WASHINGTON (AP) -- Impending across-the-board budget cuts could mean fewer government food safety inspections and higher prices for meat at the grocery store.
A White House memo released late last week said that one of the consequences of the federal budget cuts, known as sequestration, would be 2,100 fewer food facility inspections by the Food and Drug Administration, "putting families at risk and costing billions in lost food production." The cuts are set to take effect on March 1.
Department of Agriculture inspectors could be furloughed for up to 15 days, meaning meatpacking plants would have to intermittently shut down and there could be less meat in grocery stores.
The Obama administration, pressuring Congress to head off the cuts, warned people could get sick as a result.
"The public could suffer more foodborne illness, such as the recent salmonella in peanut butter outbreak and the E. coli illnesses linked to organic spinach, as well as cost the food and agriculture sector millions of dollars in lost production volume," the memo read.
While the USDA oversees meat safety and is required to have a constant presence at meatpacking plants, the FDA conducts infrequent inspections at manufacturing facilities for most other foods. While most food safety problems aren't found until after people get sick, a reduced number of FDA inspections would mean less vigilance overall and could have an impact on public health, advocates say.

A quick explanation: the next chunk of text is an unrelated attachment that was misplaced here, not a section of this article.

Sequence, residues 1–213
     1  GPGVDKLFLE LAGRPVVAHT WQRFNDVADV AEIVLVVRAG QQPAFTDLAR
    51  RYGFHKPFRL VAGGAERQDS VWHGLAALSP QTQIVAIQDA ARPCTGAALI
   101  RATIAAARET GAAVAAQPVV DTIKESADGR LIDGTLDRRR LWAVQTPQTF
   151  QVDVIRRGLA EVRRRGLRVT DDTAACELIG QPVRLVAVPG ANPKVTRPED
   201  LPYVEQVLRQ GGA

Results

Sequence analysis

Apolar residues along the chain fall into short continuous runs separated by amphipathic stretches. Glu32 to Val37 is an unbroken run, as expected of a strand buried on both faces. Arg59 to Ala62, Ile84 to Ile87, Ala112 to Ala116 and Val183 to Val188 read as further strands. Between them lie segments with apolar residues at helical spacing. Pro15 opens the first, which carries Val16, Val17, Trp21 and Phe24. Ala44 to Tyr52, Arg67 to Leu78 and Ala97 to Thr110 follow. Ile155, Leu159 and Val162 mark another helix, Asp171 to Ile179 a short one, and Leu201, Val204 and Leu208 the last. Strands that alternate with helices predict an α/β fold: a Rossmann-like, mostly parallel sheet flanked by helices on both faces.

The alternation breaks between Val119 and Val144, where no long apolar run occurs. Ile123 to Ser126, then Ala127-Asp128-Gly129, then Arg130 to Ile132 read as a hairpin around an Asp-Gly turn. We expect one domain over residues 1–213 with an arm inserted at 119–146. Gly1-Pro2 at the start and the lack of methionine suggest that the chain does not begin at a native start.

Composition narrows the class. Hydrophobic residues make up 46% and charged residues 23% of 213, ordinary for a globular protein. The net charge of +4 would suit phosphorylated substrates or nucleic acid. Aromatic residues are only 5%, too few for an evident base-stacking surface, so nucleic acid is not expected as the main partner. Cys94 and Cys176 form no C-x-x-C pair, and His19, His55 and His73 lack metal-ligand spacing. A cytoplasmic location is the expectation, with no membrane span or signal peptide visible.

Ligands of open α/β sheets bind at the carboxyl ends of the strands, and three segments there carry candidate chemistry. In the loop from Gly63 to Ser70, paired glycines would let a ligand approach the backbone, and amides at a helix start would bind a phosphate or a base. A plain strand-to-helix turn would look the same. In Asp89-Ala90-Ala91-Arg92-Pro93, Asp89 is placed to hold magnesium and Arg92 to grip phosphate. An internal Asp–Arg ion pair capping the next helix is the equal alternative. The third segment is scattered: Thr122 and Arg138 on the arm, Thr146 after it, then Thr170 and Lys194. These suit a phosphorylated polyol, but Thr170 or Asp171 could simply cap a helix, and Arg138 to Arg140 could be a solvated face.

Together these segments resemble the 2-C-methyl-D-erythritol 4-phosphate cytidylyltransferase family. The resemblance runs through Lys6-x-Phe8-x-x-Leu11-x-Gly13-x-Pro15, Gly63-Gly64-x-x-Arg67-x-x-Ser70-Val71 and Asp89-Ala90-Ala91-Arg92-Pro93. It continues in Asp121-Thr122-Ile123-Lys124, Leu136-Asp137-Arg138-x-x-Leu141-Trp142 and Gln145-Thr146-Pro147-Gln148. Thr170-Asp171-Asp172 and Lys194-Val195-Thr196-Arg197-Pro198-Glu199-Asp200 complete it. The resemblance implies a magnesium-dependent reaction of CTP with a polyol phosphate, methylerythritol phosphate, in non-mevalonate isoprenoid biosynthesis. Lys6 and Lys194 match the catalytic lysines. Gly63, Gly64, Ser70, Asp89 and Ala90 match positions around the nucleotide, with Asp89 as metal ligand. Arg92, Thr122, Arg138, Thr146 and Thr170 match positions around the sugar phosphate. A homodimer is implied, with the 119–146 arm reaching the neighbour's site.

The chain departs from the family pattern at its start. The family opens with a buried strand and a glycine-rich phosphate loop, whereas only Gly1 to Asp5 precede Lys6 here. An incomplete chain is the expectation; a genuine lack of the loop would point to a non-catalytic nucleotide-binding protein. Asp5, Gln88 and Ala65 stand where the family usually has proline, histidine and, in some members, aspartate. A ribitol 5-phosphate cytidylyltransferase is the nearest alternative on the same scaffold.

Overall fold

The cuts could come just as the FDA is supposed to be putting in place a new food safety law that requires more inspections of food facilities.
"They should be hiring and training people, not reducing the number of inspections," said Caroline Smith DeWaal of the Center for Science in the Public Interest.
Meatpacking industry officials immediately responded to the USDA furlough threat, saying it would devastate their industry. J. Patrick Boyle, president of the American Meat Institute, said in a letter to Agriculture Secretary Tom Vilsack that the furloughs could be illegal because the government is required by law to inspect meat.
The Agriculture Department has an entire agency devoted to the inspections and much of that agency's budget goes to inspector salaries. While USDA says the cuts would affect those salaries, Boyle argued that cuts could be made in other areas of the Food Safety and Inspection Service. If an inspector isn't present at a meatpacking plant, by law the plant can't operate.
"Furloughing inspectors would have a profound, indeed devastating, effect on meat and poultry companies, their employees, and consumers, not to mention the producers who raise the cattle, hogs, lamb, and poultry processed in those facilities," Boyle said in the letter.
USDA said the furloughs could impact approximately 6,290 establishments nationwide and cost roughly over $10 billion in production losses. Lost wages could total $400 million. The shutdowns could limit meat supplies and lead to higher prices, the department said.
The sequestration cuts, postponed by the recent "fiscal cliff" deal, are the punishment for the failure of a 2011 deficit supercommittee to reach an agreement. The White House and congressional Democrats are hoping to find a way to avert the cuts, while some congressional Republicans have signaled that they will not oppose them.